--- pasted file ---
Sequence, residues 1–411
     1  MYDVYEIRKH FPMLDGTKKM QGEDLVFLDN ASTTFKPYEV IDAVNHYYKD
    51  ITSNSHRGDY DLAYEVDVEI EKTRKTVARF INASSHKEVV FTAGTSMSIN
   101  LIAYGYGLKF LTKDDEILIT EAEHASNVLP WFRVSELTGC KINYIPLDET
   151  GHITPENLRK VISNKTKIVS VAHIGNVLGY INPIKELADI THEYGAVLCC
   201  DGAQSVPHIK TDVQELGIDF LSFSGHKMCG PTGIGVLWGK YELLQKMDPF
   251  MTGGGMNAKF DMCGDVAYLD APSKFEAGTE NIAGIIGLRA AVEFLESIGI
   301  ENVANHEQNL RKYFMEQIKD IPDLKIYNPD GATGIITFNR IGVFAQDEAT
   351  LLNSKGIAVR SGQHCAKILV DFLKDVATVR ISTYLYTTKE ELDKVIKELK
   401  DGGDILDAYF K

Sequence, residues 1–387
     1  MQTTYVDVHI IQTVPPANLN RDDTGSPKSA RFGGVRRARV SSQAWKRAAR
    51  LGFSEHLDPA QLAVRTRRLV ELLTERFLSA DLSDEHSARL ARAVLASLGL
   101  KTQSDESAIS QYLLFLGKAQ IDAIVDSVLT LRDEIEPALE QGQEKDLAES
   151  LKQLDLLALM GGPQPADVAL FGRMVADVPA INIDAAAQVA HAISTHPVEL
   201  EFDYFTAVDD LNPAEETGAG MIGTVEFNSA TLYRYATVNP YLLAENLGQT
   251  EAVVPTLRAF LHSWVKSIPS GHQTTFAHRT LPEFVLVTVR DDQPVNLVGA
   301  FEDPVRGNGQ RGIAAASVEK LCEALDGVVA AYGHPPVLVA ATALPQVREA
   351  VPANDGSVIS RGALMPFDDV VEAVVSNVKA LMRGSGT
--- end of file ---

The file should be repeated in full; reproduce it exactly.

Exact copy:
Sequence, residues 1–411
     1  MYDVYEIRKH FPMLDGTKKM QGEDLVFLDN ASTTFKPYEV IDAVNHYYKD
    51  ITSNSHRGDY DLAYEVDVEI EKTRKTVARF INASSHKEVV FTAGTSMSIN
   101  LIAYGYGLKF LTKDDEILIT EAEHASNVLP WFRVSELTGC KINYIPLDET
   151  GHITPENLRK VISNKTKIVS VAHIGNVLGY INPIKELADI THEYGAVLCC
   201  DGAQSVPHIK TDVQELGIDF LSFSGHKMCG PTGIGVLWGK YELLQKMDPF
   251  MTGGGMNAKF DMCGDVAYLD APSKFEAGTE NIAGIIGLRA AVEFLESIGI
   301  ENVANHEQNL RKYFMEQIKD IPDLKIYNPD GATGIITFNR IGVFAQDEAT
   351  LLNSKGIAVR SGQHCAKILV DFLKDVATVR ISTYLYTTKE ELDKVIKELK
   401  DGGDILDAYF K

Sequence, residues 1–387
     1  MQTTYVDVHI IQTVPPANLN RDDTGSPKSA RFGGVRRARV SSQAWKRAAR
    51  LGFSEHLDPA QLAVRTRRLV ELLTERFLSA DLSDEHSARL ARAVLASLGL
   101  KTQSDESAIS QYLLFLGKAQ IDAIVDSVLT LRDEIEPALE QGQEKDLAES
   151  LKQLDLLALM GGPQPADVAL FGRMVADVPA INIDAAAQVA HAISTHPVEL
   201  EFDYFTAVDD LNPAEETGAG MIGTVEFNSA TLYRYATVNP YLLAENLGQT
   251  EAVVPTLRAF LHSWVKSIPS GHQTTFAHRT LPEFVLVTVR DDQPVNLVGA
   301  FEDPVRGNGQ RGIAAASVEK LCEALDGVVA AYGHPPVLVA ATALPQVREA
   351  VPANDGSVIS RGALMPFDDV VEAVVSNVKA LMRGSGT